5 Ways a Landlord Should Ensure Habitability of a Living Space

A landlord’s responsibility does not end at completing the construction of the building and installing the basic utilities. Under landlord-tenant law, the landlord’s obligation extends to ensuring that the building is habitable for its occupants during their stay. Of course there are certain limitations to this obligation. It would be unreasonable, for instance, to expect a complete roof reinstallation just because of a small leak on the roof. With that in mind, here are 5 ways a landlord should ensure habitability of a living space. 

  1. Building Codes 

One way landlords can ensure habitability of a living space is by providing safety. They can do this by ascertaining that the building is in compliance with all local safety codes. These codes typically concern: 

  • Toxic mold 
  • Electrical wiring 
  • Plumbing
  • Use of fire retardant paint 
  • Safety guards on windows 
  • Adequate lighting in common areas
  • Carbon monoxide detectors 
  • Smoke detectors 
  • Asbestos 
  • Structural integrity of the building, etc.

In most places, you cannot put tenants in your property before it is inspected for adherence to building and safety codes. 

  1. Repairs

A significant part of ensuring habitability involves making regular repairs to the building to ensure that it is in a reasonably good condition. This might include, for example, correcting plumbing problems or fixing a leaky roof that is causing a disturbance in the building. 

  1. Maintenance of common areas 

A landlord is also expected to maintain all common areas of the property, according to the landlord-tenant law. This may involve ensuring: 

  • Safety – the landlord has to make sure that the area has adequate lighting. The lighting fixtures and light bulbs have to be in working condition. Additionally, the area has to be free of injury-prone hazards such as unsafe stairs or faulty banisters. 
  • Cleanliness – the landlord is expected to maintain a reasonable level of cleanliness in the common areas. This does not necessarily mean keeping the areas in pristine condition, but they have to ensure that there is free of trash and other debris. The landlord has the right to evict any tenant who has the habit of keeping the common area consistently dirty.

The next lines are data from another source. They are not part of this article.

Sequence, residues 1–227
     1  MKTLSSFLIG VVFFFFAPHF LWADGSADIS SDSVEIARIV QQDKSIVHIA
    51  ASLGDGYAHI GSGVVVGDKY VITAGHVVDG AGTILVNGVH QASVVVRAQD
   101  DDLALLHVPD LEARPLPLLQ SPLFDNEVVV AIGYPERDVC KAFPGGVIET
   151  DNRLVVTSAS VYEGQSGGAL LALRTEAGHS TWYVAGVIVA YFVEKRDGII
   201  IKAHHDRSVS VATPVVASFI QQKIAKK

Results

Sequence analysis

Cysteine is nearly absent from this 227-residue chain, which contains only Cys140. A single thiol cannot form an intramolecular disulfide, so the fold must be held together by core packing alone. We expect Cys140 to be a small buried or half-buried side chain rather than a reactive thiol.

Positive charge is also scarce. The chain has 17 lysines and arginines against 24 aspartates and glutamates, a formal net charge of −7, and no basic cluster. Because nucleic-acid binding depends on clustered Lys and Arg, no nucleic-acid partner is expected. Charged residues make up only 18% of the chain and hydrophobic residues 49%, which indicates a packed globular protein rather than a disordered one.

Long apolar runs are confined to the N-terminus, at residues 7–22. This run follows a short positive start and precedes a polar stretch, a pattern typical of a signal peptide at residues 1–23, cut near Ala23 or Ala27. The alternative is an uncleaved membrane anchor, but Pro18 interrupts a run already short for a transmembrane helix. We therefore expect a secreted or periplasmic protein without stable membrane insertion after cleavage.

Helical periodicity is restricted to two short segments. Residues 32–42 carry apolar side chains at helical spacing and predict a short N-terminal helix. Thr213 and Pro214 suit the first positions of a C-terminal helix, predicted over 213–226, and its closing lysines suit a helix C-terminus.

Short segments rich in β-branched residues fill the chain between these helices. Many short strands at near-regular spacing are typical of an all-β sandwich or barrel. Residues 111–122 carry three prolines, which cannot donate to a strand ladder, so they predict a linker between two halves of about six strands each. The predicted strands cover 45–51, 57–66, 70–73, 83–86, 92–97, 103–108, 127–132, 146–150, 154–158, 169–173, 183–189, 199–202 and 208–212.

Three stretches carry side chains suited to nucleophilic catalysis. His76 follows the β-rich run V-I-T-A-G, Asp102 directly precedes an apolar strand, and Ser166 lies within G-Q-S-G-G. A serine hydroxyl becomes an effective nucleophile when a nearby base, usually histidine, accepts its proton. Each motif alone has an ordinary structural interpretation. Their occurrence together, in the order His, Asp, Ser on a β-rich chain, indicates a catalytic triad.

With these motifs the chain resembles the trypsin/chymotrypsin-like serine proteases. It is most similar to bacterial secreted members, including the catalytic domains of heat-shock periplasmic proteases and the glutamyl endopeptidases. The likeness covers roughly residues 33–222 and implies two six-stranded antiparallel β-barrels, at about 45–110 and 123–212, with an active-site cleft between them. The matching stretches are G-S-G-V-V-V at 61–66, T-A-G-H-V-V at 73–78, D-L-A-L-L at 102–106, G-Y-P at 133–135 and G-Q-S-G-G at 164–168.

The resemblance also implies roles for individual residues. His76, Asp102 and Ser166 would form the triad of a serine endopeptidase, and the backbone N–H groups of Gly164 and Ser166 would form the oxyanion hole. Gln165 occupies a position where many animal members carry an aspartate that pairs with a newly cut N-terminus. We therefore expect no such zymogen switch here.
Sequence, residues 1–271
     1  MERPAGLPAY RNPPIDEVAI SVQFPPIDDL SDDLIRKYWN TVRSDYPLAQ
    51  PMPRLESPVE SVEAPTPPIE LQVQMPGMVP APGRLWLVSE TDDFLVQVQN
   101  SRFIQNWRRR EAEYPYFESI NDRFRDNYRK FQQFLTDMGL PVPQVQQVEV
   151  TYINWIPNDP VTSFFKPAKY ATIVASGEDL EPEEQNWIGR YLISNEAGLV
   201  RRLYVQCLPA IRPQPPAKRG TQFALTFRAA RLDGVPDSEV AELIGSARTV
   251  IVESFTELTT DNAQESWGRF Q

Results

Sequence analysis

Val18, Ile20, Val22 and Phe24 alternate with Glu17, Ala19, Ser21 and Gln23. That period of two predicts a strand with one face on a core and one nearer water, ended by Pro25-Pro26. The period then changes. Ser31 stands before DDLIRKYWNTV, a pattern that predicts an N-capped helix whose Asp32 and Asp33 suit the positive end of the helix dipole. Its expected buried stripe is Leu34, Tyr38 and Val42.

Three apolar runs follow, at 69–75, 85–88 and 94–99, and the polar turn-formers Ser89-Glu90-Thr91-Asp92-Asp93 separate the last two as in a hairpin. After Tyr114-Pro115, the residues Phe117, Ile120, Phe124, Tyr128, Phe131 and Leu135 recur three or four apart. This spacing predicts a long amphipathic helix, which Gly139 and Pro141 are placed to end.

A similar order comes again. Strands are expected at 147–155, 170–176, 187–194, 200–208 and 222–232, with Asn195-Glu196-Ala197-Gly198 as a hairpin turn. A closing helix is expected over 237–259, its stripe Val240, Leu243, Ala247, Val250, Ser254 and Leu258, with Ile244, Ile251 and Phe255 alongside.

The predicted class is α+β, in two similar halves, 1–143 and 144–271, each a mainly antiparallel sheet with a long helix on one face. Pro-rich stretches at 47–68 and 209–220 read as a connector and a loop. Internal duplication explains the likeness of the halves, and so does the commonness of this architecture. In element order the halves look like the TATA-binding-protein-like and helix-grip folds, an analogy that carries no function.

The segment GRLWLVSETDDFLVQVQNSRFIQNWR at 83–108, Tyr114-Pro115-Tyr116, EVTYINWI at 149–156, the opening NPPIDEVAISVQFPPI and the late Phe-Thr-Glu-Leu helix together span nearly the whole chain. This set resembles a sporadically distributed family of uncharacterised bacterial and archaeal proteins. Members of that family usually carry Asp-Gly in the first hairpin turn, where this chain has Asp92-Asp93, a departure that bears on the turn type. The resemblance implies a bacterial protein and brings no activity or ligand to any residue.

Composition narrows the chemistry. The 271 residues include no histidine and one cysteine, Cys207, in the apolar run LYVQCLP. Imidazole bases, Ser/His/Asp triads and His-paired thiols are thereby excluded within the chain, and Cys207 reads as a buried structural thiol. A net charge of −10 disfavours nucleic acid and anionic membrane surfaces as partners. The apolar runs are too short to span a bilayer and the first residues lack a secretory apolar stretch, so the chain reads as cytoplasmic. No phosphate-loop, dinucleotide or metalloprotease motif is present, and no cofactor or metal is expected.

1. Keep vital processes functioning

The landlord is supposed to ensure that all essential processes are working properly, including: 

  • Electricity 
  • Plumbing
  • Heat 
  • Gas
  • Elevators 
  • Central Air Conditioning (where applicable)

Note that supplying the utility is not the landlord’s responsibility. The landlord is only required to ensure that the systems supplying the utilities are functioning properly. If the rent includes the price of the utilities (e.g. gas and electricity), the lease agreement should spell out what the responsibility of the landlord is regarding the issue. 

  1. Supply Running Water 

Every building needs running water to ensure habitability. According to the law, providing running water is the landlord’s responsibility. The same goes for heat regulation during the cold and warm months (for buildings that have central air conditioning) and providing hot water. However, this rule does not apply to buildings where these utilities are directly installed in the units and only the tenant can control them. 

It is important to ensure that your property complies with these requirements, as failure to meet basic standards of habitability could be the grounds of a costly lawsuit. If you need to speak with a real estate attorney regarding your property, the Law Office of Ray Garcia, P.A. has you covered. Contact us now.

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